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Maternal Medicine Posters
Women with isolated antiphospholipid antibodies (APL) have better obstetric outcomes compared to those with obstetric antiphospholipid syndrome (APS)
  1. MC Soh,
  2. D Pasupathy,
  3. G Gray,
  4. J McLaren,
  5. C Nelson-Piercy
  1. Women's Health Academic Centre, King's Health Partners, London, United Kingdom


Background In the absence of a defining history, aPLs are of uncertain clinical significance.

Aim To compare obstetric outcomes between women with aPL and APS.

Study design Retrospective cohort study of women with known aPL attending the Obstetric Medicine Clinic, 2005-2011. Women were classified as aPL or obstetric APS (by 2006 classification criteria). Multiple pregnancies, APS diagnosed post-partum, thrombotic APS and secondary APS were excluded.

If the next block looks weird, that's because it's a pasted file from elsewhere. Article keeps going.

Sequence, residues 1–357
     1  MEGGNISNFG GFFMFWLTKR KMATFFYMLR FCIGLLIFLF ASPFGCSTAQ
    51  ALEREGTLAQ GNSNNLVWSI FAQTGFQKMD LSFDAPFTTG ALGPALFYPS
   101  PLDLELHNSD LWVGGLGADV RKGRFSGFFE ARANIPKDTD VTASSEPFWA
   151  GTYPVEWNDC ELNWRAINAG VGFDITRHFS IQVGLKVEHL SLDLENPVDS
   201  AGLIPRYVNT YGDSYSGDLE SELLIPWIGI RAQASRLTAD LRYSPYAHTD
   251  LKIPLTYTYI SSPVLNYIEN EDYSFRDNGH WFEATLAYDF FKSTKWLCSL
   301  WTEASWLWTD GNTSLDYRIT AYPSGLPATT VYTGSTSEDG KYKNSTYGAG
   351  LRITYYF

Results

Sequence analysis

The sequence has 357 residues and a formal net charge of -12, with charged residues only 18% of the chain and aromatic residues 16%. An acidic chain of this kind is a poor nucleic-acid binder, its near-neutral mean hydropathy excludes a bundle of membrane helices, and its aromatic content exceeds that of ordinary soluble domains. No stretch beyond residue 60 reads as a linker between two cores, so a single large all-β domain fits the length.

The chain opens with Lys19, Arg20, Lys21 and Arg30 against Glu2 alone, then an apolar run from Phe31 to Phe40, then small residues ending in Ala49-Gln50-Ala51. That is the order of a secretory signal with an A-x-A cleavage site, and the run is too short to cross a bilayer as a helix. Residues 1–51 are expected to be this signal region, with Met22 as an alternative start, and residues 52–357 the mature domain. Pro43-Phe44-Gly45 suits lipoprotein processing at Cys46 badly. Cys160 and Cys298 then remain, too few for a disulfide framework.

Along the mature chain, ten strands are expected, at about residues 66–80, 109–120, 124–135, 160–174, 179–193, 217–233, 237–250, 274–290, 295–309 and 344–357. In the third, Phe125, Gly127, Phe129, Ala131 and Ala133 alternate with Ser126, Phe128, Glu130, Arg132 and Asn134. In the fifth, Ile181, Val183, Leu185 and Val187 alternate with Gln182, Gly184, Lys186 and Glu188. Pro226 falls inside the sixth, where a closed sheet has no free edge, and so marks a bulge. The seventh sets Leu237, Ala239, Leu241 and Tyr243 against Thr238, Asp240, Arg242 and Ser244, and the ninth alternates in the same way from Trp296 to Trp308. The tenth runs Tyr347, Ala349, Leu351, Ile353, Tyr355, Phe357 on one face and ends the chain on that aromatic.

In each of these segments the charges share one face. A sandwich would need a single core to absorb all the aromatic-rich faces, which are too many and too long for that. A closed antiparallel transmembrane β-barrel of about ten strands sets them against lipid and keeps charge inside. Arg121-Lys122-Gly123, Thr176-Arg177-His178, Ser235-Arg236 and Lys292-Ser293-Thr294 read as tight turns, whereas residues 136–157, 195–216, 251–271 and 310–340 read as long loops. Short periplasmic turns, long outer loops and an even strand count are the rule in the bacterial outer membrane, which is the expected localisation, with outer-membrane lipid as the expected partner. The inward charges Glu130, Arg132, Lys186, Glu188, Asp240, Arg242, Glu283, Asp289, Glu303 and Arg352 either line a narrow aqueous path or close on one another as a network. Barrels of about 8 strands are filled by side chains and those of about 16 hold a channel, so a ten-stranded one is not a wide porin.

Results Of 161 pregnancies in 112 women, 80 (48.5%) were aPL and 81 (51.5%) were obstetric APS. There were no significant differences in baseline characteristics.

The incidence of pre-eclampsia (PET) was 6.2% (n=10), early PET 3.7% (n=6) and abruption 3.1% (n=5). Low molecular weight heparin (LMWH) was not protective against SGA (OR 0.92; 95% CI 0.34-2.70), early PET (OR 0.45; 0.09-2.33) or abruption (OR 0.69; 0.11-4.28). In women with aPL the risk of SGA (OR 0.20; 0.06-0.62) was lower compared to APS. There were similar trends in the risk of early PET (OR 0.19; 0.02-1.69) and abruption (OR 0.24; 0.03-2.23). These associations persisted following adjustment.

Conclusion Women with aPL have infants with higher birthweight and better obstetric outcomes that were not improved by LMWH. LMWH is not indicated in aPL pregnancies.

Abstract PM.08 Table

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